The Ukrainian Night, a book about a particular place – the main city square of Ukrainian capital and the moment in history, transcends the time and place and tells a somewhat universal story about the human struggle for freedom and self-determination. For me, as a person who vaguely remembers the fights for freedom here in 1991 Lithuania, when the people were being shot and run over by tanks, the most vivid memory is of my parents’ calmness in the moment they made us, kids, put duct tape over the windows to prevent them from shattering when tanks would pass by. This image of calmness, which would remain the great mystery to me for years reoccurs in the book, as time and again people recall being calm whenever they were in the center of events on Maidan. It’s watching television what made them nervous. “We felt safe only on the Maidan,” recall Taras Ratushnyy and his son Roman.
The revolution felt like a rupture in time, breaking the routine of apathy, alienation and general reconciliation with the rule of oligarchs. After Maidan, Misha, having endured fights, bullets shot at him and too much blood for a lifetime, let alone one day, has headaches, nightmares, fear of falling asleep or being alone.
“For months he dreamt about the blockade, about the policemen with their guns pointed at him. Had he not been there, he would not have had these problems, but he would have had others: he would have had the guilt to deal with for the rest of his life.”
This overcoming of the self, the estrangement of the modern individuals living in the comfortable confines of their own privacy became the power in number, when individual choice added to the choices of all the others pouring into the square from around the country as well as spilling over from Maidan into other town squares.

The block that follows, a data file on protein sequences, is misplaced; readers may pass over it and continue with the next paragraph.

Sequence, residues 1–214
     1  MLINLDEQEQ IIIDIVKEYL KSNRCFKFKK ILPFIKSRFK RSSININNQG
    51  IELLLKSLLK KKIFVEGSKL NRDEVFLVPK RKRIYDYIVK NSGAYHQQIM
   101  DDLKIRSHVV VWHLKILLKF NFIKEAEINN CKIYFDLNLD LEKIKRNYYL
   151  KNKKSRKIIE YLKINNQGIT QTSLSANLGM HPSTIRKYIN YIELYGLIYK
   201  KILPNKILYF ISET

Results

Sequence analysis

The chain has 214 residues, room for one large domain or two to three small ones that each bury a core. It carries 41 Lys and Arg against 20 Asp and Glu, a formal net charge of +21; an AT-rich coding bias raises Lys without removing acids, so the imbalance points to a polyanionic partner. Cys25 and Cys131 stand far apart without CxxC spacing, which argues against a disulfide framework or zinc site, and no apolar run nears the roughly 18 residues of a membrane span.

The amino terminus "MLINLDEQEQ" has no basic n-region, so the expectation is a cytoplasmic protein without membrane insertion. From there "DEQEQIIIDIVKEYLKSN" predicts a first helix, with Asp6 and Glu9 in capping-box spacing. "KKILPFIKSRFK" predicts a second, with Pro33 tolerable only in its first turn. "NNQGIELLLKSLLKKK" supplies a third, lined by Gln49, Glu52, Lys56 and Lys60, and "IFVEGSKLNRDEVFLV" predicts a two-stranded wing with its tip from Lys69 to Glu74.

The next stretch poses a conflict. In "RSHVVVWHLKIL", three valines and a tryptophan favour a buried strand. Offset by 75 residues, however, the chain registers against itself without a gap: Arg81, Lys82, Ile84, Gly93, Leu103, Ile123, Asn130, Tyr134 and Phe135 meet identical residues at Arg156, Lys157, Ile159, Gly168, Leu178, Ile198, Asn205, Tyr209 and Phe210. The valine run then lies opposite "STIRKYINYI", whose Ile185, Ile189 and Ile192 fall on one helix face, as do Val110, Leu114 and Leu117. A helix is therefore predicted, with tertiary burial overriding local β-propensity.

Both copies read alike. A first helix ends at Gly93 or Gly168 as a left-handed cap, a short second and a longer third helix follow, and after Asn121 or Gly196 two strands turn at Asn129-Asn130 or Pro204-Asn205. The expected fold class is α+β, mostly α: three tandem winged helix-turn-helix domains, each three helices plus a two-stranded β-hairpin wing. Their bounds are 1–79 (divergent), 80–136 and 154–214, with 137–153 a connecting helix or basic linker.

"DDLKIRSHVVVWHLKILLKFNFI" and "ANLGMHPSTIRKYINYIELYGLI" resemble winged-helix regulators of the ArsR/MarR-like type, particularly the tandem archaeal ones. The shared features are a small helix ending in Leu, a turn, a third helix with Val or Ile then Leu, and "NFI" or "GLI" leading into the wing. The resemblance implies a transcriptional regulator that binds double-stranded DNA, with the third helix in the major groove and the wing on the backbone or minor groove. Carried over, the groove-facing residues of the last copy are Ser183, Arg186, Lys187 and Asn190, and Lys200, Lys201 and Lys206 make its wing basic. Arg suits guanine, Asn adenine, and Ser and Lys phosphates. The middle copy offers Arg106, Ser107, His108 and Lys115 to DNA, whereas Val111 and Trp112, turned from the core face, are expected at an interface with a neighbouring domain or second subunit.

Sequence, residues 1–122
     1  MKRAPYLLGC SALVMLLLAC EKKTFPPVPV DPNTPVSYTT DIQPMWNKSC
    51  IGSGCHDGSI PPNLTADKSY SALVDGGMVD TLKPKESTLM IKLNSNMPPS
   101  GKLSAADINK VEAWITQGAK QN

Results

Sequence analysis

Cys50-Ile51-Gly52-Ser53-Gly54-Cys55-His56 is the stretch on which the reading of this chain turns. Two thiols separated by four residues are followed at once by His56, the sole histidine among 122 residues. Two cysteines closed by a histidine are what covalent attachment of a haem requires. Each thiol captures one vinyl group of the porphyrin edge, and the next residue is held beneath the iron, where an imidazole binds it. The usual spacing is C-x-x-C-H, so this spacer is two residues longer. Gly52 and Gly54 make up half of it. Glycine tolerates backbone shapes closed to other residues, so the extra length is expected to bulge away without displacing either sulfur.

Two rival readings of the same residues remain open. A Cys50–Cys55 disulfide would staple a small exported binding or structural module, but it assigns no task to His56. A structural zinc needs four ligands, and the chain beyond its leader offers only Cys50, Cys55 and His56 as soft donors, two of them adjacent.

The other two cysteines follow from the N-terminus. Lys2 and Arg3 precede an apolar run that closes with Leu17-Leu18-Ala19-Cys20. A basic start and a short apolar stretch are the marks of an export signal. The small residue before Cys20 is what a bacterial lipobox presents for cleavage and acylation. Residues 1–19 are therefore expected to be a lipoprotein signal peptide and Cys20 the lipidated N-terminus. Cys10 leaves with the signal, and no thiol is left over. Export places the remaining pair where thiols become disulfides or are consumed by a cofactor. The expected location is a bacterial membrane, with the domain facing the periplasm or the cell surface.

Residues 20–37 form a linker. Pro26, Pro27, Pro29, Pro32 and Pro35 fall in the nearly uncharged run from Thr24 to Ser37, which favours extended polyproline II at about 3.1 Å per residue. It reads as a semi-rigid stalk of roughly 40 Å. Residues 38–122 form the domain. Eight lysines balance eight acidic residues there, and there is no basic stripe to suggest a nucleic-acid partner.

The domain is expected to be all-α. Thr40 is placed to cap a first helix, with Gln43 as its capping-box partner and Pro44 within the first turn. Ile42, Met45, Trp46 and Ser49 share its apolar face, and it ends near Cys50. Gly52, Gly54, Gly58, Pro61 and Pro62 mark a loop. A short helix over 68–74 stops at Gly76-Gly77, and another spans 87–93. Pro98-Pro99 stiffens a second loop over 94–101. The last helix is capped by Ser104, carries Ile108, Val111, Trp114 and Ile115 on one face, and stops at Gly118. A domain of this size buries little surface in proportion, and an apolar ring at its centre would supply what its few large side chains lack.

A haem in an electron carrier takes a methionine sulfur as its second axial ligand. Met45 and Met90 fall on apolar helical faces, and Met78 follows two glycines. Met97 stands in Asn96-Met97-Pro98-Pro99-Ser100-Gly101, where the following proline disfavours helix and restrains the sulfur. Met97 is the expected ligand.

At the same time, experienced by the people of Maidan, the revolution represents something unique in the contemporary world: the political stripped of all the decorum of the ideological, constant debates, and self-interest. While President of Ukraine Viktor Yanukovych talked about the gathering of neo-Nazis and anti-Semites (at the same time, telling his police forces those were Jewish conspirators and gays), on Maidan lives blended with the events happening in real time.[quote style=”boxed” float=”left”]The revolution became a moment when the whole worlds could witness how the people on the edges of Europe defy postmodernity[/quote] People began experiencing the time in a different way. It now was moved by the events on the square. Finally, as the atmosphere escalated fast after 16 January 2014 (when President Victor Yanukovych forced the passage of law revoking the rights of free speech and assembly, as a result pushing the peaceful protesters at Maidan beyond the law), people started losing track of time. No one would go to bed anymore, fearing the unknown reality they may wake up to the next morning. While the citizens in Western countries continue to pick and choose what truths to believe and what lies to tell, on Maidan the people held to the reality unfolding right in from of their eyes. [quote style=”boxed” float=”left”]The revolution felt like a rupture in time, breaking the routine of apathy, alienation and general reconciliation with the rule of oligarchs[/quote] The revolution became a theological moment that we associate with a reckoning – something that makes things vivid in the world where we lack clarity and certainty. As Shore rightly notes, the revolution became a moment when the whole worlds could witness how the people on the edges of Europe defy postmodernity. As a consequence, we want to look at the experience of our neighbors not only as something heroic. We are also tempted to search for an opportunity to disrupt the routine of time we live in: to force people out of their comfort zone, out of the confounds of privacy and into the public.